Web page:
Friday, June 25, 2010


The embattled homeless encampment, in Nashville known as Tent City, which has escaped several shutdown notices from Metro police, was washed away by the floods earlier this month. Most escaped with little more than the clothes on their backs. Reginald "Vegas" Watson, 45, a member of the residents council that helped organize Tent City, told the Tennessean after the floods resided that the camp was uninhabitable.

The property is covered with diesel fuel from a nearby ruptured storage tank and waste from overturned portable toilets.

I don't recall mention of this on CNN.

The following is from Real Changes News.

Submerged beneath the consuming waters
via: The Contributor Newspaper, Nashville, Tennessee

In Tennessee’s recent historic floods, a thriving tent city gets washed away

When Ronnie Smith lost two jobs and a house four years ago, he was left with only one option: Nashville, Tennessee’s largest year-round shelter space, the Nashville Rescue Mission.
Having never been homeless before, Smith struggled to adjust to such a chaotic and crowded environment. When he was finally able to move into an abandoned house with a friend, he felt relieved. But when that friendship dissolved, Smith tried another option: a tent. He spent his evenings setting up camp anywhere he could, often threatened by strangers or told by police to “move along.”

Overcome with the realities of camping alone, Smith headed to the place he had hoped he’d never wind up: Nashville’s Tent City. Having heard bad stories of the city’s largest homeless encampment — drugs, theft, violence — Smith carried his belongings toward the riverside encampment with trepidation.

But when Smith arrived at Tent City in late 2009, he found little confirmation of those rumors. Instead, he discovered something he hadn’t been able to claim in his years on the street: a community. “People were real helpful. They’d even watch out for your stuff when you were gone,” says Smith, one of approximately 140 residents of the camp who, up until the morning of May 2, 2010 when floodwaters completely destroyed the camp, were grateful to be able to call Tent City home.

Before the flood

The Tent City that Smith encountered eight months ago was not the same Tent City that had existed on the banks of the Cumberland River for more than 20 years. Not only had its population grown in that time from a mere handful of residents to over 140, it had also changed from a well-kept secret to a widely-recognized reality, appearing in local newspapers, countless television news stories, a few documentaries and even The Wall Street Journal.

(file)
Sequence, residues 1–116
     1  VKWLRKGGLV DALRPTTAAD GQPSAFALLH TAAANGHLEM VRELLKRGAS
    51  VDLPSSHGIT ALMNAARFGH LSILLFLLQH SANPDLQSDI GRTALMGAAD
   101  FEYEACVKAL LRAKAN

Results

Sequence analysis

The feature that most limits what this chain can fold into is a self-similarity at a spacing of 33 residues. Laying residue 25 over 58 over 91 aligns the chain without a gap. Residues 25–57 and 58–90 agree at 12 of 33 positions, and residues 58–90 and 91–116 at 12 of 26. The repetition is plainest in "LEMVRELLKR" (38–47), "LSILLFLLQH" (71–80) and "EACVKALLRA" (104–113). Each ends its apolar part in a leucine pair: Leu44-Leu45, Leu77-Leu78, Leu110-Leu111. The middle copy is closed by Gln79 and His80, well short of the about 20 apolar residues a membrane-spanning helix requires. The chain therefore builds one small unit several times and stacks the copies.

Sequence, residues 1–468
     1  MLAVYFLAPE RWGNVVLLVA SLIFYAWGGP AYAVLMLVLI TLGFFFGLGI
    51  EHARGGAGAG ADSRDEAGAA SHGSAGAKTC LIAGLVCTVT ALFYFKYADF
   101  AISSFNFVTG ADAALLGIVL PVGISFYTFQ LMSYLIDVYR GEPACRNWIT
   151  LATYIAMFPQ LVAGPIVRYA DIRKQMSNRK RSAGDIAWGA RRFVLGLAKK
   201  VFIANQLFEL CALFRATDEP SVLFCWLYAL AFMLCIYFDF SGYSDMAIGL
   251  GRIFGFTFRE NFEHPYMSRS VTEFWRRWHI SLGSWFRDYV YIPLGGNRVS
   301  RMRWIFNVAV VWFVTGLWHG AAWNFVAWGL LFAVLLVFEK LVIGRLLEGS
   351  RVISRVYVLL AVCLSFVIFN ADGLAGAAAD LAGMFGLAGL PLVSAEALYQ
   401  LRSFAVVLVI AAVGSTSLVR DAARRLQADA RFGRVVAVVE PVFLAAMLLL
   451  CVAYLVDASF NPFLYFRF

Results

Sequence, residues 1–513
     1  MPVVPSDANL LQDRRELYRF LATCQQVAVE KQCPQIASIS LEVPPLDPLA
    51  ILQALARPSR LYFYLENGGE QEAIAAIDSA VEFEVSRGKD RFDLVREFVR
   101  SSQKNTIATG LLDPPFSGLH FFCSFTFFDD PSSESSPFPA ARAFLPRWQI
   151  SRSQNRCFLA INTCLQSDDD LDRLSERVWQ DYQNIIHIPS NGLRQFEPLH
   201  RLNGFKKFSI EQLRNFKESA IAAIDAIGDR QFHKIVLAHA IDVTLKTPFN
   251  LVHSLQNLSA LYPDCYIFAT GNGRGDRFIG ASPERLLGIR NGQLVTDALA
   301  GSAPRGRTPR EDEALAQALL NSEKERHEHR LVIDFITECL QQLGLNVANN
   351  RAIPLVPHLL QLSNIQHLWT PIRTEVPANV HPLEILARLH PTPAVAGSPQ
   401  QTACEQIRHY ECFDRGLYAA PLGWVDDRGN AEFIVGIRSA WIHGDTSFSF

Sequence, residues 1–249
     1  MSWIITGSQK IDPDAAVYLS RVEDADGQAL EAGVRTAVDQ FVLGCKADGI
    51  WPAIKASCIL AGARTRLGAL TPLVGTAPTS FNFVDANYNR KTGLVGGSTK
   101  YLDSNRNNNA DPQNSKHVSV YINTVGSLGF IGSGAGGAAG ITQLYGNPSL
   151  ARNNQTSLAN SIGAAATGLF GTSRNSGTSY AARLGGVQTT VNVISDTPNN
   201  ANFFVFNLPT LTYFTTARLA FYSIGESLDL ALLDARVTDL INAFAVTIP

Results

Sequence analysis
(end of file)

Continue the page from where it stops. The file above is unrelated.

Tent City’s change in exposure goes back to 2006, when then-Mayor Bill Purcell announced that Nashville would begin raising the “quality of life” in its downtown area. To many, the campaign appeared concerned with improving the city’s pleasant feel. Unfortunately, a direct result of this public policy was the criminalization of homelessness in Nashville, and the city’s court and arrest records prove it.

As Tent City grew, so did the Nashville city government’s awareness of it. Police officers showed up at the camp in 2008 and posted notices that the camp would be shut down in a matter of weeks and would therefore need to be cleared of all belongings as soon as possible; anything left standing would be razed and anyone remaining would be arrested. And so, once again, homeless individuals were told to “move along.”

That is, until local churches, advocates and outreach workers stepped in. Offering to clean up the premises, along with paying for dumpsters, port-o-potties and showers — and all while promising to stand face-to-face with any bulldozer that might tear down tents and well-designed wooden homes — Tent City’s allies worked to change the camp’s fate. Their efforts paid off, when word came down from current Mayor Karl Dean that the camp would not be demolished.

Since then, despite occasional and somewhat subtle attempts by the city’s police department to reverse Mayor Dean’s order, Tent City has gone from being a homeless encampment perpetually on the verge of destruction to the closest thing Nashville has to an officially-sanctioned “transitional housing” site. In a city that promised 2,000 units of low-income housing five years ago and has drastically failed to follow through, a place like Tent City remains inevitable.